Student Counseling Center - FAQ

When do I know that I need to see a counselor?

If you are thinking about seeing a counselor, you probably need to see one, whether you need help with academics and/or personal matters. Hampton University offers a broad range of services from Clinicians and academic counselors. In addition, support and peer mediation are available from Peer Counselors. We are always willing to listen and help you accomplish your goals.

I am basically being forced to come here. That's the ONLY reason I'm here, because I AM NOT CRAZY!!!!

This may not sound like a question, but frequently there is a hidden fear that if things are 'so bad' that someone is receiving counseling – 'going to a shrink' – s/he must be crazy. This is true especially if that is what you've been told. NOT TRUE! Most students come to the Counseling Center because of a crisis which they may or may not have caused themselves; conflicts with others that are not resolving simply; conflicts with persons whose values and behavior are radically new, incomprehensible, and problematic to the student; heartbreak; anxiety; depression – unshakable blues that are affecting many areas of functioning; homesickness and being less ready than they thought to be on their own; loss and grief; and basic phase of life/developmental challenges because of moving from adolescence to young adulthood. These things, plus all the academic work, sleep deprivation, and other stressors can definitely distort reality.

What can a student expect during a typical session?

Students who are seen by the Counselors at the SCC can expect to be treated with respect regardless of the reason they are being seen. The counselors assist students to express, understand, and find appropriate solutions for their concerns.

How many times can I see the Counselor?

Students can be seen for up to 8 sessions. The services provided at the SCC are for crisis and short-term counseling concerns. Students who require ongoing services will be provided with a referral to a local provider.

Will I have to pay for the services I receive at the SCC?

Students who have a validated Hampton University Identification card will not be asked to provide payment for the services rendered by the staff of the SCC. Students who are referred to outside agencies or private practitioners may be required by the respective provider to pay and or provide proof of insurance coverage.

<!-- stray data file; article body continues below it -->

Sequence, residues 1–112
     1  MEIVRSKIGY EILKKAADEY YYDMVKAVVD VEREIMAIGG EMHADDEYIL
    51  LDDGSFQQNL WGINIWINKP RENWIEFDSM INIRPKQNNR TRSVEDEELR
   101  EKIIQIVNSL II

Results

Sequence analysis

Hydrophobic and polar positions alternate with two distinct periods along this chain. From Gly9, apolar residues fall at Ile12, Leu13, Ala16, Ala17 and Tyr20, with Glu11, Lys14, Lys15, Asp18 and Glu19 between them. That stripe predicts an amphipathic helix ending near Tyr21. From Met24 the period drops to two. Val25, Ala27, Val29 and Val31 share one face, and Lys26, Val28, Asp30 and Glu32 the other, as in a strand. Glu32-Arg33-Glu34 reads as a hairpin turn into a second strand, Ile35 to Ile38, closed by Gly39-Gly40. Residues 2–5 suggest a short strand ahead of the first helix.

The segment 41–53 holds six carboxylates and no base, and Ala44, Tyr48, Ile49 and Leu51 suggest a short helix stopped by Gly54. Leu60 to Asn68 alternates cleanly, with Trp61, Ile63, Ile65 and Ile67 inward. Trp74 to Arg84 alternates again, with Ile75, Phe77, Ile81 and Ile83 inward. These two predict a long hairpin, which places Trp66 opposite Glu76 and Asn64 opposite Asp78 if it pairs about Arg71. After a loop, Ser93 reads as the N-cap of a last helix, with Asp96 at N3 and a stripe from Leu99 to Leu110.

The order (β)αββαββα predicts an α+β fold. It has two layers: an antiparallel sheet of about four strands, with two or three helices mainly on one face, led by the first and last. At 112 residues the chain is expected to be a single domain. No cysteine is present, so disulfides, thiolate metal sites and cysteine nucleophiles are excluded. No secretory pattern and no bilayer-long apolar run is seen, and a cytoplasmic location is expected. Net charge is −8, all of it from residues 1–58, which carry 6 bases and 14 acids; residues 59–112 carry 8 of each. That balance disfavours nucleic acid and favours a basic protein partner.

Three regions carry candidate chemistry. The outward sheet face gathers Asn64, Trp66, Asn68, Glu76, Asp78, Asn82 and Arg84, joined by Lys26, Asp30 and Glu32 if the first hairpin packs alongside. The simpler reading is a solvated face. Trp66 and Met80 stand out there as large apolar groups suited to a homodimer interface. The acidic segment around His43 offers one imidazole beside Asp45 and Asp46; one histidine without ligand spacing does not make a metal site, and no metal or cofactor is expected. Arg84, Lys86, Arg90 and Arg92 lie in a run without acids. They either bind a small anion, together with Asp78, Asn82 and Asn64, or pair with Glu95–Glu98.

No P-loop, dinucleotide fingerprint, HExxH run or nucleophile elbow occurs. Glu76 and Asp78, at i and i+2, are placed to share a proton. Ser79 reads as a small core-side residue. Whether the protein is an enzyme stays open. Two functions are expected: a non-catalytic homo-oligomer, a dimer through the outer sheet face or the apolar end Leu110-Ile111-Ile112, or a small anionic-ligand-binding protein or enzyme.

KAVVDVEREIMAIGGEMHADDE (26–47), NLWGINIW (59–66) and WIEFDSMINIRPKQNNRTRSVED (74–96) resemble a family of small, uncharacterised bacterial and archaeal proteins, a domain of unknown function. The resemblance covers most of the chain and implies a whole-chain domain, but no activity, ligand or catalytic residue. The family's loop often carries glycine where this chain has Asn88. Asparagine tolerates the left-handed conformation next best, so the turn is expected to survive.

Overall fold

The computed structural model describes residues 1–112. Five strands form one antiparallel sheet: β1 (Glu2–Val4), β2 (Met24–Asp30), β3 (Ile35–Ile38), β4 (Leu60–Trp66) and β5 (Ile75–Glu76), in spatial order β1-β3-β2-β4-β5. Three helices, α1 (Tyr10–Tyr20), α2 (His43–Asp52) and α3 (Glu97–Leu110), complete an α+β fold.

Can I receive a referral if I do not want to be seen by the staff of Hampton University?

Yes. A referral will be provided for those students who wish to receive services outside of Hampton University.

Are you going to tell my parents what I say?

No, however, if the student and Counselor are in agreement that it would be best to disclose something to parents, we (counselor and student together) do everything we can to facilitate the process, including inviting them into sessions. Counselors cannot disclose anything to parents without students' written consent. The exceptions are situations of the likelihood of harm to self or others, loss of ability to care for self, disclosure of child or elder abuse, or the student is under the age of 18.

Can my boyfriend, girlfriend, roommate, etc. come to my session?

Yes, after thorough discussion. We discuss the student's reasons, hopes, fears, etc. for wanting individuals to come to sessions. If it would be beneficial, we clarify objectives – what we hope to accomplish – and a plan.

I've always heard that if your faith is real and strong, you don't need to have counseling. Is that true?

The SCC Counselors respond to questions of faith with great care and respect. We believe that one's faith is central to identity, and that counseling and religious faith can be compatible. What is important to us is to help students understand and incorporate their faith in the development of self-concept that occurs in the transition from adolescence to young adulthood.

What shall I do? Please, just tell me what to do!

Counselors' most important role is to help students access their own strength, creativity and personal resources. We do not tell you what you should do. We do help weigh options. We listen carefully and reflectively. Based on what students disclose and explore, we can sometimes say, "Based on what you've been saying, it seems that X, Y, and Z are possible options. What do you think?" Then we can propose strategies and resources to help with the options the student chooses.

Have you ever been through this? What did you do, or would you do if you were me?

Individual counselors vary in the degree to which they are "transparent" – willing to talk about their own lives. That has to do with personality and training. The core issue is that the counseling relationship is structured for the attention and good of the student who, except for basic respect and non-violence toward the counselor, is free of the typical give-and-take responsibilities of friendship. Counselors' ethical codes of conduct prohibit them from forming true friendships with students, and from having relationships with them in addition to counseling. We are not allowed to hang out, be your professors, relatives, recipients of services such as baby sitting, hair, nails, etc., or gifts. It is odd, but it is quite freeing once you get used to it.

If I used to take medicine for a psychological reason, like ADHD or depression, haven't I outgrown it now?

Not necessarily. There are many adults with ADD or ADHD. It is very important to disclose this part of your medical history. Most people think of college as a brand new start. It is that. It is also more challenging than many or most students expect it to be. The Counseling and Health Centers can work together to assist you to maintain your medication regimen and provide support for this great transitional period, so that it turns out to be manageable at least, and blossoming at best.